We typically think of hearing loss as something that advances gradually. This can make the symptoms easy to miss. (After all, you’re just turning up the volume on your TV once in a while, it’s nothing to worry about, right?) That’s normally the case, yes, but not always. It turns out hearing loss can also happen abruptly and without much warning.
It can be truly alarming when the condition of your health suddenly changes. For example, if your hair falls out a little bit at a time, it’s no big deal, you’re just going bald! But if all of your hair fell out overnight, you would likely feel obliged to make a doctor’s appointment as soon as possible (and rightfully so).
The same is true when you develop sudden hearing loss. There are some very good reasons why acting fast is a good plan!
Sudden hearing loss – what is it?
Sudden hearing loss (sometimes called sudden deafness or sudden sensorineural hearing loss, or simply SSHL for short) isn’t usually as common as the longer-term type of hearing loss most people experience. But it isn’t really uncommon for people to experience sudden hearing loss. Every year, 1 in 5000 people experience SSHL.
The symptoms of sudden hearing loss commonly include the following:
- 30dB or more of hearing loss. The outside world sounds 30dB quieter than when your hearing was healthy. You’ll certainly notice the difference, but you will need our assistance to measure it.
- It might seem like your ear is plugged up. Or, in some instances, a ringing or buzzing in the ear.
- As the name suggests, sudden deafness normally occurs quickly. This generally means that sudden hearing loss develops over a matter of hours or days. As a matter of fact, most people wake up in the morning questioning what’s wrong with their ears! Or, perhaps they’re unable to hear what the other person is saying on the other end of a phone call suddenly.
- In 9 out of 10 cases, sudden hearing loss affects only one ear. But it is possible for both ears to be affected by SSHL.
- Some individuals notice a loud “pop” before their hearing begins to disappear. But this isn’t always the situation. It’s possible to experience SSHL without hearing this pop.
If you experience SSHL, you may be questioning: is sudden deafness permanent? Actually, within a couple of weeks, hearing will return for about 50% of people who experience SSHL. However, it’s relevant to note that one key to success is prompt treatment. This means you will want to undergo treatment as quickly as you can. When you first detect the symptoms, you should wait no longer than 72 hours.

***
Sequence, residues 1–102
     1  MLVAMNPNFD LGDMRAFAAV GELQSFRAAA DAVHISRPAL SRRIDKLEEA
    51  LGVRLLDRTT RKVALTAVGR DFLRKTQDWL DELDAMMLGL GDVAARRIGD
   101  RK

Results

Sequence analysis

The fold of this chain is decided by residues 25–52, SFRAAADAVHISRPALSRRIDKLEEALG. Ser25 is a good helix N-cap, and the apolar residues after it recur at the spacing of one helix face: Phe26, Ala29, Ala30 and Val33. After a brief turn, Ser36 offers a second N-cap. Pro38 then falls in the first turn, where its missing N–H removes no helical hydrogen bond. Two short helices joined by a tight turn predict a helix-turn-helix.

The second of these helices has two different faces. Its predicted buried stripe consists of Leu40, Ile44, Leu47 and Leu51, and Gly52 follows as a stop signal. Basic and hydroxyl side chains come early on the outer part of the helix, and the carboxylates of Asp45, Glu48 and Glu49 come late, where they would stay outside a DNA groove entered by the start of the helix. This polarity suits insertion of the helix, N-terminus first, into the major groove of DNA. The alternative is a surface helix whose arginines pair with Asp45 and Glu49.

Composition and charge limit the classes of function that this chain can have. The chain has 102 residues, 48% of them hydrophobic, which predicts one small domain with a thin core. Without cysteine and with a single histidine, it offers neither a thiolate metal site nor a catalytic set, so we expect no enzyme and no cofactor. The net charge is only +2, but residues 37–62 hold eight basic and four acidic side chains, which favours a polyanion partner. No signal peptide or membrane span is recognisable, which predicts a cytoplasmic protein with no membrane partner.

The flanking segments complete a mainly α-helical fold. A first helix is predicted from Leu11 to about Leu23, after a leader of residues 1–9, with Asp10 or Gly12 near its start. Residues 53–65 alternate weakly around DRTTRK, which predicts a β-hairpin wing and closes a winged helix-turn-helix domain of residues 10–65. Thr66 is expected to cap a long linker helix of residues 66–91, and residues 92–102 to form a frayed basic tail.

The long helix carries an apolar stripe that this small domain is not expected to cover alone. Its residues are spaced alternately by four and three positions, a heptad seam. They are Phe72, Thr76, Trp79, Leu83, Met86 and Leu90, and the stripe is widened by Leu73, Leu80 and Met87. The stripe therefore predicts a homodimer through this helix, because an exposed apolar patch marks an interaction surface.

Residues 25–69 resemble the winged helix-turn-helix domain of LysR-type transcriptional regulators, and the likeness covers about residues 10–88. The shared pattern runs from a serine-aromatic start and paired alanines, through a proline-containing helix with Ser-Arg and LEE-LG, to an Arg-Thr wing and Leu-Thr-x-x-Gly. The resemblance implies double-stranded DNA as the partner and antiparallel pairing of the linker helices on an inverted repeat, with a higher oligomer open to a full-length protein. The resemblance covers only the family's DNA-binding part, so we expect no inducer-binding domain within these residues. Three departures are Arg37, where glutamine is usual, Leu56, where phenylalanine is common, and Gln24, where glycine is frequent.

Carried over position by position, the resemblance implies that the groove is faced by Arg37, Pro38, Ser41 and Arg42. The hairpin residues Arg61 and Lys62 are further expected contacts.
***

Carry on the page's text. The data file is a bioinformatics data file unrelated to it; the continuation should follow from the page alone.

In most cases, it’s a good strategy to treat sudden hearing loss as a medical emergency. Your risk of sudden hearing loss becoming irreversible increases the longer you wait.
What’s the cause of sudden hearing loss?
Here are a few of the biggest causes of sudden hearing loss:
- Ongoing exposure to loud sound, such as music: Hearing will decline slowly due to ongoing exposure to loud noise for most people. But for some, that decline in hearing could happen suddenly.
- Problems with your blood flow: Things like obstructed cochlear arteries and high platelet counts are included in this category.
- Illnesses: Diseases including mumps, measles, meningitis, and multiple sclerosis have all been known to cause SSHL, for wildly different reasons. This is a good reason to get immunized against diseases for which there is a vaccine.
- A reaction to drugs: Common drugs such as aspirin are included in this list. This list can also include some antibiotics, including streptomycin and gentamicin, and other prevalent medicines including cisplatin and quinine.
- Reaction to pain medication: Too much use of opioid-related drugs and pain medication can increase your risk of developing sudden hearing loss.
- Head trauma: A traumatic brain injury can be disruptive to the communication between your ears and your brain.
- Genetic predisposition: Genetic predisposition can sometimes be responsible for sudden hearing loss.
- Autoimmune disease: In some situations, your immune system begins to think that your inner ear is a threat. Sudden hearing loss can absolutely be brought on by this autoimmune disease.
The majority of the time, we will be better able to help you develop an effective treatment if we can determine what type of sudden hearing loss you’re dealing with. But sometimes it doesn’t work like that. Understanding the precise cause isn’t always essential for effective treatment because lots of forms of SSHL have similar treatment strategies.
If you experience sudden hearing loss – what should you do?
So what should you do if you wake up one day and find that your hearing is gone? Well, there are a couple of essential steps you should take as soon as possible. Don’t just try to play the waiting game. That isn’t going to work very well. You should wait no longer than 72 hours to seek treatment. Calling us for immediate treatment is the smartest plan. We’ll be in the best position to help you determine what’s wrong and how to treat it.
While you’re at our office, you may undertake an audiogram to establish the degree of hearing loss you’re dealing with (this is a completely non-invasive test where you wear some headphones and raise your hand when you hear a tone). We can make sure you don’t have a blockage or a conductive issue.
For most individuals, the first course of treatment will very likely include steroids. For some people, these steroids might be injected directly into the ear. In other circumstances, oral medication might be enough. Steroids have proven to be quite effective in treating SSHL with a wide variety of root causes (or with no confirmed root cause). You might need to use a medication to suppress your immune response if your SSHL is due to an autoimmune disease.
Have you or somebody you know suddenly lost the ability to hear? Call us today to schedule a hearing evaluation.